It seems as if this year, everyone seems to be baking something. At least on my feed, the top three items I have noticed people attempting are: sourdough bread, banana bread, and zucchini bread. I thought zucchini bread was strange until my parents grew zucchini for the first time in their garden this summer and I realized how much squash they had and needed to use. Needless to say, we were constantly in search of zucchini recipes.
This zucchini bread recipe is easy to put together and can be customized. I recommend adding a cup of mini chocolate chip cookies but if you prefer your zucchini bread to be plain, you can totally skip them. Additionally, you can use chopped nuts instead of chocolate chips. Just be sure to limit any toppings to 1 cup.
You can use a box grater or food processor to shred the zucchini. My preference is to use the box grater as it requires less clean-up. Though if you’re making a larger quantity of the zucchini bread recipe, a food processor (with grate attachment) might make more sense.
For this zucchini bread recipe, I ended up using the larger shredding holes. This does mean that you can slightly see the zucchini once it’s baked but that doesn’t bother me. If you want to sneak or hide the zucchini, you can also grate using the smaller holes.
You do not need to drain the zucchini before placing it in the batter. If you do, the batter might be a little bit dry.
I typically end up using about 2 medium-sized zucchinis to get 2 full and packed cups of shredded zucchini. Most times, I’ll place a box grater over a measuring cup to reduce the number of dishes I have to clean.
Baking Zucchini Bread
I decided to bake my zucchini bread in our 1-cup and 2-cup Souper Cubes® trays. I prefer this to muffins because they store more efficiently in the freezer. However, you can bake this zucchini bread recipe in a number of baking dishes, including:
- Loaf pan
- Cupcake or muffin tray
- 1-cup or 2-cup Souper Cubes® trays
Keep in mind that this recipe was tested on 1-cup and 2-cup trays so if you end up baking the zucchini bread in a regular loaf pan, you might need to add a few more minutes to the baking time. And if you prefer to bake the zucchini bread recipe into muffins, then it will take less time to bake.
Freezing and Reheating Zucchini Bread
Unless you are brand new to our page, you know I’m a huge fan of utilizing my freezer when prepping food as the food will last much longer than if I leave it on the counter or refrigerate it.
Zucchini Bread will last:
- 2-3 days on the counter
- 1 week in the refrigerator
- 4-6+ months in the freeze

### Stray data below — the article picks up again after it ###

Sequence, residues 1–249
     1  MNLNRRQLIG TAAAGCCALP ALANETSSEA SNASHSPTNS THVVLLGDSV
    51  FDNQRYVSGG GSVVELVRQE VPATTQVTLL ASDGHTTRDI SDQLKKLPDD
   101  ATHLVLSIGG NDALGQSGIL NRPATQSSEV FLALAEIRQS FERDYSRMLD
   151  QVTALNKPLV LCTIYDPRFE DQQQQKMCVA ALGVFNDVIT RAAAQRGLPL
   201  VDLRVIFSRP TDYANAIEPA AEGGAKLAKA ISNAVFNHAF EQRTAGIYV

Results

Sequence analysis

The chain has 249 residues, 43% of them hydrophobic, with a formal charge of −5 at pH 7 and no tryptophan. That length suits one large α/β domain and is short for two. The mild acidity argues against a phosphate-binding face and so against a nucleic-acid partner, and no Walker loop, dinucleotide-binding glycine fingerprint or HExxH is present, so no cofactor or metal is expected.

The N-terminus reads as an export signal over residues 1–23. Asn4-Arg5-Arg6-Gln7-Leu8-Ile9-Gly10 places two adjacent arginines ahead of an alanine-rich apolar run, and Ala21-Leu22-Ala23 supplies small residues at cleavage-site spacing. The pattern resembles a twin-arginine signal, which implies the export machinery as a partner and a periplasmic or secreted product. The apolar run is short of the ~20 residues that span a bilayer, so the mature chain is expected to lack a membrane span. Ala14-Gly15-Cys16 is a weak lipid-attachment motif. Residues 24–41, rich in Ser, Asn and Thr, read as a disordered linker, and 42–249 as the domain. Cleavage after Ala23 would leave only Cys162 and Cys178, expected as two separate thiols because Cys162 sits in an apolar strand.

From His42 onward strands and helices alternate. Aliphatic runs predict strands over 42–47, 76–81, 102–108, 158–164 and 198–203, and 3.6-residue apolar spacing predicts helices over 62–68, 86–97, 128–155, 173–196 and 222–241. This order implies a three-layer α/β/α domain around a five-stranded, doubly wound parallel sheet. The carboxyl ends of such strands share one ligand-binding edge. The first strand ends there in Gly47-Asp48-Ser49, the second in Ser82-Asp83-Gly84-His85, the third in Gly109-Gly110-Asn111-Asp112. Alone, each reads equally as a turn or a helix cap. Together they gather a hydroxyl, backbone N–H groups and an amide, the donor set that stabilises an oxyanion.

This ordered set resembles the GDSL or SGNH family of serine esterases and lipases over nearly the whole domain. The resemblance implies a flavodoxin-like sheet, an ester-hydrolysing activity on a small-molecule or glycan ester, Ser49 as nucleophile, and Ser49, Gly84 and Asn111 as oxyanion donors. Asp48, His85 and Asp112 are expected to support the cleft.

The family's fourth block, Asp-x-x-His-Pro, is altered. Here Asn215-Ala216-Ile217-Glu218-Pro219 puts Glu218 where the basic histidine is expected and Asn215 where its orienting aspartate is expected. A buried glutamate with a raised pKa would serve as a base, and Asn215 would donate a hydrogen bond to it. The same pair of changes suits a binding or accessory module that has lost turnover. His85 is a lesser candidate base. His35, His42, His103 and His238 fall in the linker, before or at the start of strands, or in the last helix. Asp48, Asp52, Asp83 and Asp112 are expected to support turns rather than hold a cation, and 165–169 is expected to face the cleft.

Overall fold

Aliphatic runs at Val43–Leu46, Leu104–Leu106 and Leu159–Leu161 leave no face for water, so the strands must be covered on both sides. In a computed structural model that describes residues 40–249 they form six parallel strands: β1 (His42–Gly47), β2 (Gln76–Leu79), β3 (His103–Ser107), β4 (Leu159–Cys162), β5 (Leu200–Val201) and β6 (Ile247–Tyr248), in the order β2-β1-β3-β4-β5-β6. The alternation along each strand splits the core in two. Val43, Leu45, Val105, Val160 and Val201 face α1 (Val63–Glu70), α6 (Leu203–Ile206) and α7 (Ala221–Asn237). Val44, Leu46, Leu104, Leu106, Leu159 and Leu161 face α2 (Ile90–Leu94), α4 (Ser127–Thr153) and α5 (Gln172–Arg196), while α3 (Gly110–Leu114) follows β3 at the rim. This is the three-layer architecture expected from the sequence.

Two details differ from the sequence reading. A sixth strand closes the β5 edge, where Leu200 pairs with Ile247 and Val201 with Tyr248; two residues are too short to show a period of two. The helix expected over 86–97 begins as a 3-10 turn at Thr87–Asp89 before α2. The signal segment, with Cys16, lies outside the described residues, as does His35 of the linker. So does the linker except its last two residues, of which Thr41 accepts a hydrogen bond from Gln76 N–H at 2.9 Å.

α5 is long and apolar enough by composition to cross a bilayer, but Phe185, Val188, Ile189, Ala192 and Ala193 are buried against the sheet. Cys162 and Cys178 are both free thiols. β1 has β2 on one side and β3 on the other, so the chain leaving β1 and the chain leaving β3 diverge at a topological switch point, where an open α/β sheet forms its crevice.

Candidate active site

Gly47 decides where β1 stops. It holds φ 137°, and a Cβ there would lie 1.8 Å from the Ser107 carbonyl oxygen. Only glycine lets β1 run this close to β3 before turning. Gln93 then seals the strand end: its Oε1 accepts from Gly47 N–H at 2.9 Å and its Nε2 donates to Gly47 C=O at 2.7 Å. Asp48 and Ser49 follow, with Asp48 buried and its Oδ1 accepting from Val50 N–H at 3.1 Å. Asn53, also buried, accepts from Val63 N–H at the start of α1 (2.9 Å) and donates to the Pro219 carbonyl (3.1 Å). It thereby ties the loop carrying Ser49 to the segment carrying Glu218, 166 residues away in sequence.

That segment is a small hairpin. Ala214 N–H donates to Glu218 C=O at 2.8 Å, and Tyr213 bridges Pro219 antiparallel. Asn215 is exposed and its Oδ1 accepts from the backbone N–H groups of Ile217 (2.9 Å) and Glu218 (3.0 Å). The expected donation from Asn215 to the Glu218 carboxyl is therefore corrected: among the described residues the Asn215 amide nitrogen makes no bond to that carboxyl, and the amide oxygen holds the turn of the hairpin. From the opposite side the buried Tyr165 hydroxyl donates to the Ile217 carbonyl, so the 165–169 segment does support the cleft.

It’s important to make sure you’re storing the food in an airtight container if possible or wrapping it well. My preference for freezing zucchini bread is to let it fully cool in the Souper Cubes® tray, then gently release the edges of the zucchini bread from the walls of the tray with a rubber or silicone spatula, place a lid on, and then freeze until solid. Once frozen, you can place up to 8 cups of zucchini bread in most freezer-safe gallon-size bags.
To Reheat Zucchini Bread:
- Let thaw on the counter, or
- Microwave on a plate (uncovered) in 20 second bursts until ready
- Place in a toaster or 300F oven until warm
How To Make Chocolate Chip Zucchini Bread
First, you’ll want to gather and prep your ingredients
My preference is to have two separate bowls, one for the wet ingredients and one for the dry ingredients.
Prepare Wet Ingredients
In a large bowl, place the shredded zucchini, eggs, vanilla extra, granulated or turbinado sugar, brown sugar, and oil. Mix until incorporated. I typically use a whisk or fork.
Prepare Dry Ingredients
In a medium-sized bowl, place the all-purpose flour, baking soda, baking powder, salt, ground cinnamon, ground nutmeg, and optional chocolate chips. Mix with a fork or whisk until fully incorporated.
Mix Wet and Dry Ingredients Together
I prefer to carefully dump the flour mixture over the wet mixture, which is why I use a large bowl for the wet mixture. You can mix together with a fork or whisk. If there’s a lot of batter and flour sticking to the sides, you can scrape down with a rubber or silicone spatula.
Zucchini naturally has water and moisture in it. How much moisture depends on the type of zucchini and how fresh it is. If you feel like your batter is a bit dry and is having a hard time fully incorporating, then add 1-2 tablespoons of oil.
Fill Batter in Desired Pan
Since we’re a small family, it doesn’t make sense for us to bake these in a larger loaf pan, which is why I like to bake this zucchini bread recipe in our Souper Cubes® 1-cup and 2-cup trays. I find the 1-cup loaves are really just a perfect size for a breakfast or afternoon snack.
Only fill each well halfway with batter so that there is room for it to expand when baking.
I like topping my batter with a little sprinkle of sugar.
Bake Zucchini Bread Until Golden Brown
Make sure to let your zucchini bread cool before popping out of the trays. You can use a rubber or silicone spatula along the edges of the zucchini bread to more easily release it from the tray.
Enjoy Or Freeze For Later
I will typically leave 2-3 loaves out for us to enjoy for the next couple of days and will freeze the rest so that it doesn’t go bad before we can eat it all.